After Saul came Israel’s greatest king of all time, a musician and warrior named David, who became king sometime around 1000 BC. It was under King David that Israel reached the height of its glory, and even to this day there are many Jews who pray for the day a messiah will come and restore Israel to the glory it had at the time of King David.
King David’s son, Solomon, took the thrown after David’s death, and was known as the wisest king who ever lived. King David, the musician, is credited with writing many of the biblical Psalms. Solomon is credited with writing the Book of Proverbs. Under Solomon the Temple was built. This was considered to be the home of Yahweh, Almighty God, and in the Temple was placed the Ark of the Covenant, which held the Ten Commandments.
In 922 BC King Solomon died, and the nation of Israel was split in two. Rehoboam became the king in the south, which was known as Judah. Jeroboam became the king in the north, which was called Israel. This situation lasted for 200 years, with ten of the original twelve tribes in the Northern Kingdom of Israel, and two of the original tribes in the Southern Kingdom of Judah.
This was an important time in our story, as some of the greatest prophets of God who ever lived, including Isaiah, Micah and Amos, interpreted God’s will for the people of Israel and Judah. And then, in 722 BC, 200 years after Israel split into the two kingdoms, a great tragedy occurred. Assyria invaded the Northern Kingdom of Israel, conquered it completely, and resettled all the inhabitants of those ten tribes. While the Southern Kingdom of Judah remained intact, the Northern Kingdom and its people were gone forever. These people are what history calls the Ten Lost Tribes of Israel.
The next great event in our story occurred in 587 BC. King Nebechednezzar of Babylon invaded Judah, which was by then known also as Israel. And then the unthinkable happened. King Nebechadnezzar’s troops entered Jerusalem and literally destroyed it entirely. Included in this destruction was the Temple, the place in which the Hebrew people believed Yahweh actually lived. The Arc of the Covenant was hauled off and lost to history, and the Hebrew people were forcibly removed from Israel and taken into captivity in Babylon. This is the period known as the Babylonian Captivity, or the Babylonian Exile.
The greatest good can sometimes come from the greatest tragedy, and that is the case with the Babylonian Exile. The consciousness of the Jewish people was forced to expand. What did it mean that the Babylonians could literally destroy the Temple–God’s house? What did it mean that the Hebrew people could be removed from the land they believed God promised to them?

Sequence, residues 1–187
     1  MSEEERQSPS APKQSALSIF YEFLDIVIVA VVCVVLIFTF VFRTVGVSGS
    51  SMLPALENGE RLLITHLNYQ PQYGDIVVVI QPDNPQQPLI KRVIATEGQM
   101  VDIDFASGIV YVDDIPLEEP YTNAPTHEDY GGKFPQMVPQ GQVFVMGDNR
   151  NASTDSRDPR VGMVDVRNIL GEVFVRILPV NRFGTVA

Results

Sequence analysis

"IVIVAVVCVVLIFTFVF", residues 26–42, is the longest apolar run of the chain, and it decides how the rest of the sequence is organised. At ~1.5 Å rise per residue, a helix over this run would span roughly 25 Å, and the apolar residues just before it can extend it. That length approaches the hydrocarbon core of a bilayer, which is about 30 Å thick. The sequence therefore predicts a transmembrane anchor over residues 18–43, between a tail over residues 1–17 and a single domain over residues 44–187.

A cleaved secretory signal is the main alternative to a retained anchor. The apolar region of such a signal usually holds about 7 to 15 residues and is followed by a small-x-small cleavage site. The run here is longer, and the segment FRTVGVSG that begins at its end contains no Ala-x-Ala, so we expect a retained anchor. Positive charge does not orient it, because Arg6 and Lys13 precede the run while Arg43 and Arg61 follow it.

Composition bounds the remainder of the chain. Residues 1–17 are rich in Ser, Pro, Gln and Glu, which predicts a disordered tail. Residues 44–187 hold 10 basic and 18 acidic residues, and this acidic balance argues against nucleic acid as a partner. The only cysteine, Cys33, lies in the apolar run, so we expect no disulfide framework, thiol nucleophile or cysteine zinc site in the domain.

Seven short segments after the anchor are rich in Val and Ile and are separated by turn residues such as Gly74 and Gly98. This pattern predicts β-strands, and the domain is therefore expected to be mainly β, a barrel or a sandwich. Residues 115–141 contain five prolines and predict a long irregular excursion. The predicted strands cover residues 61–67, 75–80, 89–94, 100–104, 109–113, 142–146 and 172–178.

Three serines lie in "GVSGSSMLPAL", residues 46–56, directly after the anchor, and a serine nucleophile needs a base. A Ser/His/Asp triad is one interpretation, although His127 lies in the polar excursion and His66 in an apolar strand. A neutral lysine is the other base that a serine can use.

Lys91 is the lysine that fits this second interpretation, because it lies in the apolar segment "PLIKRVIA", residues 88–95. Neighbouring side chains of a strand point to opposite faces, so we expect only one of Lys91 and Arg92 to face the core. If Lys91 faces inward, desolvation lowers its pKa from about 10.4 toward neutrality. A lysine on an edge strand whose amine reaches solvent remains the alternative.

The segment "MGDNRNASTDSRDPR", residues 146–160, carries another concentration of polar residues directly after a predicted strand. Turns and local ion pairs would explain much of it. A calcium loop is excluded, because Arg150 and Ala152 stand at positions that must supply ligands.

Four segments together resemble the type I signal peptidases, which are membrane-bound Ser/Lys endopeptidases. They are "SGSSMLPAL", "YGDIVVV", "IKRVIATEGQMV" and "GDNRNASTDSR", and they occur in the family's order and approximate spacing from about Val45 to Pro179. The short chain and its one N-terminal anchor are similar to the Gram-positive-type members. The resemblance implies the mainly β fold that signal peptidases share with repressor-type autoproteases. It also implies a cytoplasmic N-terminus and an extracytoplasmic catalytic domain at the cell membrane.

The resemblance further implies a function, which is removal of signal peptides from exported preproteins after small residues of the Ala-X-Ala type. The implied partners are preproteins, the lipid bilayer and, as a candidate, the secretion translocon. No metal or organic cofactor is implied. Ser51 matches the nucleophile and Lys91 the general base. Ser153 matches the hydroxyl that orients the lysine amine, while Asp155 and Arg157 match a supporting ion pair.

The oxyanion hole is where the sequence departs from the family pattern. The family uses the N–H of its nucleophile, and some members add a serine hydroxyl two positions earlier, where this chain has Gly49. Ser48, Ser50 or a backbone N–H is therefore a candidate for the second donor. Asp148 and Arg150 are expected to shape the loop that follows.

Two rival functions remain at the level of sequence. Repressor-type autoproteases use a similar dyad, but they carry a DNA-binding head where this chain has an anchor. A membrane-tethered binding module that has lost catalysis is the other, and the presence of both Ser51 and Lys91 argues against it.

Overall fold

It was at this point that people began to understand that God is much bigger than they had previously thought. God did not need a Temple in which to live, because God was everywhere. God was not bound to a particular piece of land, which was the assumption up until this point. Rather, everything everywhere was the creation of the one God. At last, the human imagination expanded to the point it could conceive of the one God who called the universe into creation. In our story, true monotheism was born in the Babylonian Exile.
Fifty years after the beginning of the Babylonian Exile, King Cyrus of Persia conquered the Babylonians, and with the Edict of Cyrus allowed the Jewish people to return to their homeland and rebuild their Temple. After the rebuilding of the Temple in 520 BC, Israel would continue to be occupied by various powers throughout those years, with Alexander the Great conquering Jerusalem in 332 BC, and the Romans taking control of the area in 63 BC.
That second Temple remained intact throughout this period, surviving for almost 600 years, until the Romans eventually destroyed it in the year 70 AD. Today incidentally, when you see the Jewish people bowing and putting notes in the Wailing Wall, that is the remaining wall of the second Temple.
Now, we are only halfway through our story. We have covered the two–thousand year period that led up to the founding of the Christian Church. But for this morning, we must stop this story in the middle, because this story is not like most stories we read today, which slowly and surely build to some sort of climactic moment toward the end. The pivotal moment in our story comes in the middle, with the arrival of Jesus Christ into this world.
The central chapter of our story remains the centerpiece of our lives. It is Jesus that makes our story the best of all stories, because our story says that the very God who called this universe into being out of sheer nothingness came to live among us. God knows what it’s like to be us. Because God lived in a very unique way through Jesus, God knows what it’s like to suffer emotional pain, and to suffer physical pain, and even to face death.
We have a God who understands us in every way. We have a God who took the worst we have to offer at the cross, and offered us nothing in return other than love, and understanding, and forgiveness. And then, last of all, through Jesus Christ, God overcame death itself. That is our story, and it is the greatest story ever told, because for all its poetry and for all its imagery, it is the truest story ever told.
The idea that God somehow came to live among us is a mystery that cannot be understood through reason or defined with logic. How can the glory of such a thing be expressed? Matthew and Luke tried their best with their wonderful birth narratives, but even they fall short. Great poets and musicians through the ages have tried to express the wonder of it all, and even their most inspired efforts fail to capture the full wonder of the birth of Jesus. I certainly do not have the words, so I will only ask that you open your hearts, that you hear this marvelous choir as they, through their performance of Rutter’s Gloria, embrace the mystery, the wonder, the glory of having a God that loves us so much.